Burke was born in County Tipperary, Ireland, around 1830, the son of Walter Burke.  As a child his family moved to St.On April 8, 1846 he entered the Vincentian Seminary at St. Mary of the Barrens in Perryville, Missouri as a secular student. On April 1, 1848 he graduated with honors. Louis, Burke became a clerk at the law firm of Glover and Richardson. He was admitted to the Missouri State Bar in 1849. Richardson was appointed a Justice of the Supreme Court of Missouri in 1857, Burke went into partnership with Samuel T. Glover considered the dean of the St. Burke became politically active as a supporter of the Benton faction of the Missouri Democratic Party, opposed to the repeal of the Missouri Compromise and the possibility of the expansion of slavery to the western territories. In 1855 he was elected to the 19th Missouri General Assembly as a Benton Democrat, a member of the St. In addition to his legal and political activities, Burke was an active participant in the St. Burke was elected 1st lieutenant of the prestigious Washington Blues militia company, serving until February 1861. Burke resigned from the Washington Blues in February 1861, apparently due to the secessionist views of most of its members. Shortly thereafter he became associated with underground pro-Unionist volunteers organized by Congressman Francis Preston Blair, Jr.. When the volunteers were mustered into Federal service in MarchApril, 1861, Burke was appointed captain of Company K, 1st Missouri Volunteer Infantry (3 Months). On May 10, 1861 Burke participated in the capture of the Missouri Volunteer Militia at Camp Jackson on the western edge of St. Louis, and the subsequent lethal riot in the streets of the city which became known as the Camp Jackson Affair. In the midst of the violence and tension of the Missouri secession crisis, Burke married 27-year-old Catherine Mackay, daughter of a wealthy surveyor with connections to socially prominent French members of the St.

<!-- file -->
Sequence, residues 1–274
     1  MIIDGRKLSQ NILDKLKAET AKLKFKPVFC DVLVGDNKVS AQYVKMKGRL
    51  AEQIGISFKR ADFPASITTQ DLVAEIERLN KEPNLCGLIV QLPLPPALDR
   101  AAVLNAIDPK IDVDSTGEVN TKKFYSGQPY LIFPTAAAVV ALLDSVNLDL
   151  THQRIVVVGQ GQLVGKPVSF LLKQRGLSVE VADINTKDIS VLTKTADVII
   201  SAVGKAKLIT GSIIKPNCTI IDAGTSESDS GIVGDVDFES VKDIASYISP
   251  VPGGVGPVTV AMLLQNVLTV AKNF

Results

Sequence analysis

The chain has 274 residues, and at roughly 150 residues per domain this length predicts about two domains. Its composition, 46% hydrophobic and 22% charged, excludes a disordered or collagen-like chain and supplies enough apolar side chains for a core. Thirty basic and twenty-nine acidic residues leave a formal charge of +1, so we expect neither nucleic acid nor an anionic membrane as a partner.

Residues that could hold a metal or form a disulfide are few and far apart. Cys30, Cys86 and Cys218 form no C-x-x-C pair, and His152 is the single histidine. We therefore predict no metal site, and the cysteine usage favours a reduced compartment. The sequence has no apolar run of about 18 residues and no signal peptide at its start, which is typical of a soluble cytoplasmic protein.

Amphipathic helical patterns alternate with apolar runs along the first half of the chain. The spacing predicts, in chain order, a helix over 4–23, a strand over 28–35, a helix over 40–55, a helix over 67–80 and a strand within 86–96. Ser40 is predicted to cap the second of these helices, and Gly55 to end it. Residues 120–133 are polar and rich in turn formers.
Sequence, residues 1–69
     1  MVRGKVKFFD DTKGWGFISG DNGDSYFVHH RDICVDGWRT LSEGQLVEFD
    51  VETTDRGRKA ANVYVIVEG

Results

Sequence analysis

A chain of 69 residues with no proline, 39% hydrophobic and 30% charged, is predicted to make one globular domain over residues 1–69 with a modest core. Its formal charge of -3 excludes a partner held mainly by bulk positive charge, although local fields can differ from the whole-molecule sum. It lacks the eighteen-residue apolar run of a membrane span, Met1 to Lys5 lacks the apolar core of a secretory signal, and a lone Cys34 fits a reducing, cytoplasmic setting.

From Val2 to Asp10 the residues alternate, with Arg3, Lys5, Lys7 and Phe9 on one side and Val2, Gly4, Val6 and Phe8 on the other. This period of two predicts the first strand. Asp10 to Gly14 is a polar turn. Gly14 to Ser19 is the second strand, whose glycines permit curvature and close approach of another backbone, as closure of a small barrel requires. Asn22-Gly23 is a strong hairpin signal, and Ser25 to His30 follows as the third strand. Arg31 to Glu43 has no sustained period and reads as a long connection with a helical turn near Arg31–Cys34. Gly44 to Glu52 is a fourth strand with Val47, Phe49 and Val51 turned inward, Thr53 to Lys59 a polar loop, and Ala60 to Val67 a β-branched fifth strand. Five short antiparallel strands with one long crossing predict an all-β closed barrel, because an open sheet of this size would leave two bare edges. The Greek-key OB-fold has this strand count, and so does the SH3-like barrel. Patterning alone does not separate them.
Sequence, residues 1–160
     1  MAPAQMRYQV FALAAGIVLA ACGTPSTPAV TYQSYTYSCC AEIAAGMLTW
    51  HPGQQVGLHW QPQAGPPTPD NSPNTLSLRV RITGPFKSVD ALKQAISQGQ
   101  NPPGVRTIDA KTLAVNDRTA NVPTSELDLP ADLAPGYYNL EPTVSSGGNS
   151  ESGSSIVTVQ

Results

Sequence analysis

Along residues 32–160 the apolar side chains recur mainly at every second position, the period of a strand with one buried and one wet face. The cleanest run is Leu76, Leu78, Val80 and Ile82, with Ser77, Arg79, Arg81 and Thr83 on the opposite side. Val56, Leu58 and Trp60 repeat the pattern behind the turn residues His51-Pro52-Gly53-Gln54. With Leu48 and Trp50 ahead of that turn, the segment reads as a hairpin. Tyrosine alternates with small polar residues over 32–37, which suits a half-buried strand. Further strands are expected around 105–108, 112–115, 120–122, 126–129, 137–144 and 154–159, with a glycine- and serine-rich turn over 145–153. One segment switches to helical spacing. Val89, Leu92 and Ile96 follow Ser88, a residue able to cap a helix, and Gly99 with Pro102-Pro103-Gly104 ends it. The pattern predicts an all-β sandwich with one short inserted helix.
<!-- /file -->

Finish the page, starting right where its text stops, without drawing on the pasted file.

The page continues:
They were married on May 28, 1861, at Assumption Roman Catholic Church, by Father P. After the June 11 collapse of the PriceHarney Truce, Burke, leading Company K, 1st Missouri Volunteers, participated in the successful campaign to capture the state capital at Jefferson City and in defeat of a force of secessionist Missouri State Guard at the small, but strategically important Battle of Boonville. Burke participated in General Lyon's campaign in pursuit of Maj. Sterling Price's Missouri State Guard, fighting in the Battle of Dug Spring on August 2, 1861.
On August 10, Burke fought on Bloody Hill at Battle of Wilson's Creek, and was mentioned in Maj. Sturgis' official report for his leadership in the Federal counterattack which stabilized the federal line during the final southern assault. Louis and, on orders from Maj.